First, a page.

Propane: The Clean Burn

Gas is a more expensive fuel, and it is finite, but it comes with a few perks that make it a pretty good choice. For starters, there is no need to do any preparation: whenever you  need to restock, all you have to do is load your tank into your car and drive to the nearest  appropriate location for refiling. This makes it effortless, and very compact, as you only need as much storage space as your tank would require. 

It doesn’t burn as hot as certain types of wood can, but it is still perfectly capable of keeping you warm. It is quite efficient too, as you can easily control how much fuel you burn. Putting the fire is as easy as closing the valve, and there is no ash or related mess to deal with afterwards. There are no embers, and therefore no risk for the surrounding vegetation. Smoke is pretty much nonexistent, too, which means propane fire sources are can sometimes be used even when burn bans are in place.

All Fires Out: The Burn Ban

Smoke won’t only force you to change seats lest your eyes well up, or leave a pervasive smell on your clothes for days; it can also affect air quality, sometimes to the point of authorities issuing a temporary stay on fires known as the burning ban. As fire related activity typically picks up during the colder months (fall and winter), it is also around this period that burning bans may be more frequent.

A burning ban may vary in severity. A stage 1 will usually allow the use of some wood fire pits with special certification, as well as propane fire pits since they emit very little smoke under normal conditions. Stage 2 normally means no burning of any kind is permitted, with only special exceptions made depending on what your primary source of heat is.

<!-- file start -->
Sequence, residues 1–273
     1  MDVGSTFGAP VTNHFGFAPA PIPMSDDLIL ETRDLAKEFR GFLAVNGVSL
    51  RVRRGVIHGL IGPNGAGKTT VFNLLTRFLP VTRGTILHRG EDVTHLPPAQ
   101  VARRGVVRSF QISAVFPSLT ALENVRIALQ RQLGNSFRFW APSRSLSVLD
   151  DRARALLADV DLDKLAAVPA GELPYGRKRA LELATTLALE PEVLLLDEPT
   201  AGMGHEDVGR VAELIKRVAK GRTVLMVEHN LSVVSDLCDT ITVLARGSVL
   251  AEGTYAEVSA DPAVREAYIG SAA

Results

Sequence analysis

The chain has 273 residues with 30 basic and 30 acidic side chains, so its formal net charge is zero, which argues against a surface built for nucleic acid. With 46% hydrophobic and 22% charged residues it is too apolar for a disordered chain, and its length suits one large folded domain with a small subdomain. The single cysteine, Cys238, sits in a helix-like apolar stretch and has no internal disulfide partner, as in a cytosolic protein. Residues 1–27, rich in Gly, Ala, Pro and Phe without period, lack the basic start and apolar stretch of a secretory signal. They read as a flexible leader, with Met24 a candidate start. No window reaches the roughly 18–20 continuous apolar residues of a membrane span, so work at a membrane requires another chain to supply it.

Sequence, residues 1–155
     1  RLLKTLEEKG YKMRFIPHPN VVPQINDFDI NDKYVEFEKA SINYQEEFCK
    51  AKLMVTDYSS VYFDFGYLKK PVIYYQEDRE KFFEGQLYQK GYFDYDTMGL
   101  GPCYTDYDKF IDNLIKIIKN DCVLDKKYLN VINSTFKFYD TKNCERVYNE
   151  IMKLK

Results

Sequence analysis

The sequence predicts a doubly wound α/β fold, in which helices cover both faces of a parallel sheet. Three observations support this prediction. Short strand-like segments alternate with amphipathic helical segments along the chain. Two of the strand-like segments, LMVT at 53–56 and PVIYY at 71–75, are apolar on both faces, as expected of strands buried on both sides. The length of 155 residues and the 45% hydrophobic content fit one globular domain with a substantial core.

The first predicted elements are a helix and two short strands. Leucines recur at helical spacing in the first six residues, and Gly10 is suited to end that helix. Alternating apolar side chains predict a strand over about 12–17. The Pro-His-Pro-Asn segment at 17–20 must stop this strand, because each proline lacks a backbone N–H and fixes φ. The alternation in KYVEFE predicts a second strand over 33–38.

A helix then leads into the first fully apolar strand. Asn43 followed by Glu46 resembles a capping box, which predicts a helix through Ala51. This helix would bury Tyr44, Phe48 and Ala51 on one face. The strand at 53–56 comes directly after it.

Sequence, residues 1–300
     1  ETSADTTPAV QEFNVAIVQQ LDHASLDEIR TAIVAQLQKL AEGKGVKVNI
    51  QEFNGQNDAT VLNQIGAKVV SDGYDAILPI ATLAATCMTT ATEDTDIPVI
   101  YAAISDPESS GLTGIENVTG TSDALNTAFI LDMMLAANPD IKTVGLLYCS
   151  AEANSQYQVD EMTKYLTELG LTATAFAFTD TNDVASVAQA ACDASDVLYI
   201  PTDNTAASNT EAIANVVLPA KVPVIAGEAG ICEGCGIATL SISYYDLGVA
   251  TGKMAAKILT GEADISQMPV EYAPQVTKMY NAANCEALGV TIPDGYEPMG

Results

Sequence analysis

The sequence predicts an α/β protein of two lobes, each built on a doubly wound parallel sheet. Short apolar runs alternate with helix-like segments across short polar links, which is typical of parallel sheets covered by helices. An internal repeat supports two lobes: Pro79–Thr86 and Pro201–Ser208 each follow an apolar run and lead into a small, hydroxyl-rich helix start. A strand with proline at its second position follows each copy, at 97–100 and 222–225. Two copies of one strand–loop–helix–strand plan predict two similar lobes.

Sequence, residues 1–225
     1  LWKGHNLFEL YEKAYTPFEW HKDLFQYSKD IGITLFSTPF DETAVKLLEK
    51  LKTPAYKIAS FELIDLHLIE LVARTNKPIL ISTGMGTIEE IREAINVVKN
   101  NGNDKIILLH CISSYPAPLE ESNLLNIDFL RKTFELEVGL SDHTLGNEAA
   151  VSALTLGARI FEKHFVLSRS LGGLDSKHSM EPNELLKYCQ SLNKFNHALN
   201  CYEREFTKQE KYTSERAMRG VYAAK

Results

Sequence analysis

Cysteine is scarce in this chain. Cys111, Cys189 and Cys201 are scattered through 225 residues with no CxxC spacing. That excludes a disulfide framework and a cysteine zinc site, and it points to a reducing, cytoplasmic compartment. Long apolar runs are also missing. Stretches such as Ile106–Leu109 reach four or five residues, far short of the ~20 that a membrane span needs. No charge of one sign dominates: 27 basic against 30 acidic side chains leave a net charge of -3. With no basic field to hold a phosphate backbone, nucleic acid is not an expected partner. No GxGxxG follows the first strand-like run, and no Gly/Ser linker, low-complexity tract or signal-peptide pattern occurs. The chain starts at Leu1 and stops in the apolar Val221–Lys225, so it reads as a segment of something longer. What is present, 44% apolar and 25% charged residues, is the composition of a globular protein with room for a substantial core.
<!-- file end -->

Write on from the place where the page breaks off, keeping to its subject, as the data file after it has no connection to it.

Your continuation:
Good Examples

What follows are a couple fire pit choices, one for each type of fuel, to help you choose when it comes time to shop around.

Buy Now

This one is potent, compact and fire burn certified, which means you can use it even when a ban is in place, and it is specifically tailored towards outdoors escapades. Compatible with a standard 20lb propane tank, it comes with a pre-attached 10″ hose for connection, and 6.6lbs of lava rock to provide a nice fire. Flame can be regulated via a knob to the side, with a maximum output of 58,000 BTUs per hour. Other accessories such as a carry bag, a cover and a conversion kit for natural gas, are available for purchase separately.

Buy Now

This one may not be too easy to carry around, but it is quite sturdy, made in 16-gauge stainless steel (the thickest currently in the market), and comes with a black powdercoated finish to make it even more resistant to corrosion. The ash pan at the bottom makes cleaning easier—just bring it up and dump the contents, and the internal airflow system helps provide a cleaner, more efficient burn. Although it can be used with regular fire wood, this one offers its own pellets, which are designed to light up faster and burn hotter. The pellets are made of discarded wood products, which may appeal to those who like reducing waste.

So: Which Is Best in the Propane vs Wood Fire Pit show down?

This is, as they say, the burning question, isn’t it? As you may have concluded by now, they are appropriate for different situations.

Go Wood If…

  • You live in an area where gathering it is easy, or where your local stores carry it.
  • Taking time to select the right wood, and to season it, is no trouble.
  • Your budget is not so large.
  • You would like to roast meat, such as sausages.
  • There is enough space to hold a stockpile.

Go Propane If…

  • You’re looking for something more compact, in terms of fuel and of the fire pit itself.
  • Your area is known for frequent burn bans.
  • You’d rather start and end the fire easily, and with no mess to deal with afterwards.
  • Embers could put surrounding vegetation at risk.
  • Smoke smell is something you’d rather not deal with.

What it comes down to, ultimately, is personal choice and unique circumstances. Whichever you go for, we wish you many warm nights by a cozy fire!


Everett hates writing bios but loves writing other things. He's really into geek culture, travelling, and books. When not raising 5 kids, you'll probably find him blogging over at thebestnest.co or wasting way too much time on Twitter (@EvvyWrites).